QUESTION: The heat is getting to my beets. How do you keep beets from bolting? -Pam L.
ANSWER: Beetroot plants are especially comfortable growing in cool weather conditions. In midsummer, or whenever the weather gets pretty warm, beet plants have a tendency to bolt. The process of bolting occurs when a plant decides to give up on spending its energy on developing fruit, instead shifting to producing a flower, and then seed.
Bolting happens when a plant is under stress and is uncertain about its survival, so it starts working on producing an offspring to ensure that a part of it lives on into the future. The plant soon becomes tall and leggy, the leaves shrivel up and wither away, and the roots remain small and underdeveloped.
Fortunately, there are a few preventative measures that you can take to avoid having to deal with your beet plants flowering. We’ll also tell you what your options are once your plants have begun to flower, just in case you weren’t able to keep them on track.
The easiest way to avoid your beet plants bolting is to grow the bolt resistant cultivar called Boltardy which was bred specifically to resist the urge to start flowering. If you can’t get your hands on some Boltardy beets, there are still some methods to put into action to keep your beetroot plants focused on developing roots as intended.
First, be sure to wait until around three weeks after the last frost to plant your seedlings in order to protect them from the cold, starting them off indoors under cover and moving them out into the garden in rows spaced around 10 cm apart. To avoid disturbing the roots, sow seedlings thinly so that your plants won’t be competing against one another for water once the summer rolls around and warm, dry conditions affect moisture levels.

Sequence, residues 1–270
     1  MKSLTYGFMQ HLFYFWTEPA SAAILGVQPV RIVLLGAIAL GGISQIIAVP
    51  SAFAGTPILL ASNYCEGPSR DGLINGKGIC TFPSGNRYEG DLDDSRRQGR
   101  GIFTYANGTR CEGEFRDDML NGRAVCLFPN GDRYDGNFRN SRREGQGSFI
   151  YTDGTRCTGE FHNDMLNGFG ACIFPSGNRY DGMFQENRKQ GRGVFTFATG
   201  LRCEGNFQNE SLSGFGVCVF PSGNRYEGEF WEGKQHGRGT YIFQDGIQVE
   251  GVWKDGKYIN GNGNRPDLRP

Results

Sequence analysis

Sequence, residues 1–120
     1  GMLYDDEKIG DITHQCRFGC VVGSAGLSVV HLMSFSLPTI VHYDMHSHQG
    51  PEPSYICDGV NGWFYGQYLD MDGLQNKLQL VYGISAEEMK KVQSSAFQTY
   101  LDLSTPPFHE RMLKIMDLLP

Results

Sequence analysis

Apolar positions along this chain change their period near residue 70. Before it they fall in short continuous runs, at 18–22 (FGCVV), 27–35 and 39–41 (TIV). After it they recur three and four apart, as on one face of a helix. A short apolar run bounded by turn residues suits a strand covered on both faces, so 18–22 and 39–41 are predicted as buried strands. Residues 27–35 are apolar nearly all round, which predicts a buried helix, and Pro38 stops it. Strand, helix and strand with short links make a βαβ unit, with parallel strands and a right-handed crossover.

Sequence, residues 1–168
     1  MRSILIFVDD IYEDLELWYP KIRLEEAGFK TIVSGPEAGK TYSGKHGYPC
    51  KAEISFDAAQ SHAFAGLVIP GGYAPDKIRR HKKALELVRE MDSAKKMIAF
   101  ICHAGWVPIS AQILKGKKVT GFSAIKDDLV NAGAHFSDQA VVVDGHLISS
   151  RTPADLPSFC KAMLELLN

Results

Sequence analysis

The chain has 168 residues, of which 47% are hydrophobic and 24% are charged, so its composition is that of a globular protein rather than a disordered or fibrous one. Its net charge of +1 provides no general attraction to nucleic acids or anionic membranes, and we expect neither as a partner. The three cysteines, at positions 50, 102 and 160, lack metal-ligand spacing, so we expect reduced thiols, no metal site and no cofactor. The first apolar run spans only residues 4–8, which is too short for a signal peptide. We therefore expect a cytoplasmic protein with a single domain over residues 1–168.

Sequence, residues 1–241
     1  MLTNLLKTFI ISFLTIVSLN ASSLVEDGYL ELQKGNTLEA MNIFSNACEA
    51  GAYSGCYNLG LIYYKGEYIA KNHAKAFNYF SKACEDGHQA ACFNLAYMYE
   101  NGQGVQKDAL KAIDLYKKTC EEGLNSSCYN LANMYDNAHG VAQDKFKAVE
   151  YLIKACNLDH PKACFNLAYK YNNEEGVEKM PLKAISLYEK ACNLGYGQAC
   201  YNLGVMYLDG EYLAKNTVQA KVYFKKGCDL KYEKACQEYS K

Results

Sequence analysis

Beetroot is not susceptible to drought and like most plants, they will not abide soggy, overly wet conditions. In waterlogged soil, beet plants will produce large leafy canopies while neglecting root development. Beetroot prefers cooler weather conditions and have a tendency to bolt when the weather gets too warm. Try to offer them some shade or cover the plants with a light netting to keep temperatures down as low as possible. If your beetroot plants start to bolt, act swiftly and pick off the developing flower as soon as you see it forming. Picking the bud off before it has a chance to develop can slow down the process of bolting a bit and allow time for the roots to continue development. However, once a plant begins the flowering process, there is typically no going back.
Here I’ve left one beet in the ground hoping for it to bolt and it does nothing!! Any way to force it?